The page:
Being a rock fan in the early '70s meant never knowing a year when rock wasn't moving forward -- when newer and bolder innovations weren't always just around the corner.
Yes took the burgeoning progressive rock movement further -- and with a longer running time -- than anyone else had dared to before. Album-side suites, cosmic lyrics inspired by yogis, circular chanting, odd time signatures, squiggly synth sounds -- if there was a glass ceiling to this thing we still called rock, Yes was going to smash through it. Some said prog rock was excessive. Well, so was going to the moon -- but someone had to try, and thank goodness Yes got us there musically, bless its starship-trooper heart.
Growing up in a heady climate like that, where musicianship was king, the men of Yes seemed superhuman. Jon Anderson hitting helium notes, which made singing along an impossibility for any post-pubescent male; the towering highs and lumbering lows of bassist Chris Squire; the rhinestone-caped key-thumping of Rick Wakeman; the polyrhythmic majesty of drummer Bill Bruford, playing in 17/16 time when it was all we could do to understand basic algebra.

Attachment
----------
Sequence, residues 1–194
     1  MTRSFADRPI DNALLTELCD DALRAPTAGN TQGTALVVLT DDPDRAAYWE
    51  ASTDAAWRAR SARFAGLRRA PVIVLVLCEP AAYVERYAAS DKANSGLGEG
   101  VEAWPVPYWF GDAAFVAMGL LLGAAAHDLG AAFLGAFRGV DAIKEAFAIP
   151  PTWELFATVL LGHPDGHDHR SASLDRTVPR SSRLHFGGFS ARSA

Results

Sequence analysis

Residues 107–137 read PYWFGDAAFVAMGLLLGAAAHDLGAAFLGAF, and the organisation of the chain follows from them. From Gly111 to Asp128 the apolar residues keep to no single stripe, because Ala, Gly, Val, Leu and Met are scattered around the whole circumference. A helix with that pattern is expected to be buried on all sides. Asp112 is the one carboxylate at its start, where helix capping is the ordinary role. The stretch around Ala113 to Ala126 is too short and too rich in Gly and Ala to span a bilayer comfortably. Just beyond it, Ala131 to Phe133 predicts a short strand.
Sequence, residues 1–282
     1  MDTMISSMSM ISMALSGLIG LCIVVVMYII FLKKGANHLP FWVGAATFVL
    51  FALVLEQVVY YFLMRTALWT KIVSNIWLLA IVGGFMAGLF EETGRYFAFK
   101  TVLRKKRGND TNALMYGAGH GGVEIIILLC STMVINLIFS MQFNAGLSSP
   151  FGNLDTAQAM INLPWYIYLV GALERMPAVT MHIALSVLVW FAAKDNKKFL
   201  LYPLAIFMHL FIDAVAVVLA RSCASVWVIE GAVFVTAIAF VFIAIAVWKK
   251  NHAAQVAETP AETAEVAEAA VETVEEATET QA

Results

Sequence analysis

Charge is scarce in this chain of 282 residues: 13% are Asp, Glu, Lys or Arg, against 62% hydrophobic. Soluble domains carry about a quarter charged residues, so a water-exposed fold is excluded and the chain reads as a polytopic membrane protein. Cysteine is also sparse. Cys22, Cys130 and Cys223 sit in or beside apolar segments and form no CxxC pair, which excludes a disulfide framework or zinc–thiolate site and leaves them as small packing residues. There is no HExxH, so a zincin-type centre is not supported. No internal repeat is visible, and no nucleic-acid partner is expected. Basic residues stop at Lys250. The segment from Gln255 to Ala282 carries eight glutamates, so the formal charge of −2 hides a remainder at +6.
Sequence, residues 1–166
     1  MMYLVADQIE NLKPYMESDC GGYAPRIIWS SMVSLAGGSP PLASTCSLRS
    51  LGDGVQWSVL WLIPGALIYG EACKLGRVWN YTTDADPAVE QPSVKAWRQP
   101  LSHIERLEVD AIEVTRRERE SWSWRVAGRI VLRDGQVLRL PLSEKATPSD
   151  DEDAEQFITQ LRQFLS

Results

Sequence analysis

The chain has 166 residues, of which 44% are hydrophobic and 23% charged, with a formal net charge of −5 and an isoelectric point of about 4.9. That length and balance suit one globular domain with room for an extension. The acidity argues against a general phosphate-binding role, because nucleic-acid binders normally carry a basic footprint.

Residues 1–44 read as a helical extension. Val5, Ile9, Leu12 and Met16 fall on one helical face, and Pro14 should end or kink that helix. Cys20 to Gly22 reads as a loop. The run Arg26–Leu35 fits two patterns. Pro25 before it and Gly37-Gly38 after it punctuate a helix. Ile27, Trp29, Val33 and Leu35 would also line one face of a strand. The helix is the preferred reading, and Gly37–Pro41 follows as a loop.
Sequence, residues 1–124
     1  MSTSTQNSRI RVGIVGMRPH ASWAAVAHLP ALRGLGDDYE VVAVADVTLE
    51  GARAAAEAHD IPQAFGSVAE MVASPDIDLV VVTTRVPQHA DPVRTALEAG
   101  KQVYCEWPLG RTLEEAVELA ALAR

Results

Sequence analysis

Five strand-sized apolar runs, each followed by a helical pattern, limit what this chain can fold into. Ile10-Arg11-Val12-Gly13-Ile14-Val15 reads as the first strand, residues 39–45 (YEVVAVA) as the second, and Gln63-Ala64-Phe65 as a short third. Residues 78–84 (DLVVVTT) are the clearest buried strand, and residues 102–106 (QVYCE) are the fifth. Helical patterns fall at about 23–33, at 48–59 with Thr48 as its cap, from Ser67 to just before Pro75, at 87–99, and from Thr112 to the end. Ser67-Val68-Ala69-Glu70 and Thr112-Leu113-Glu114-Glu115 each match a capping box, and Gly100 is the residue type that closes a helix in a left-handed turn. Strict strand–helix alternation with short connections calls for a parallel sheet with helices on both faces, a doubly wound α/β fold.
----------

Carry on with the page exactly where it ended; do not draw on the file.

And, of course, you had the crazy flying fingers of their classically trained guitarist, Steve Howe.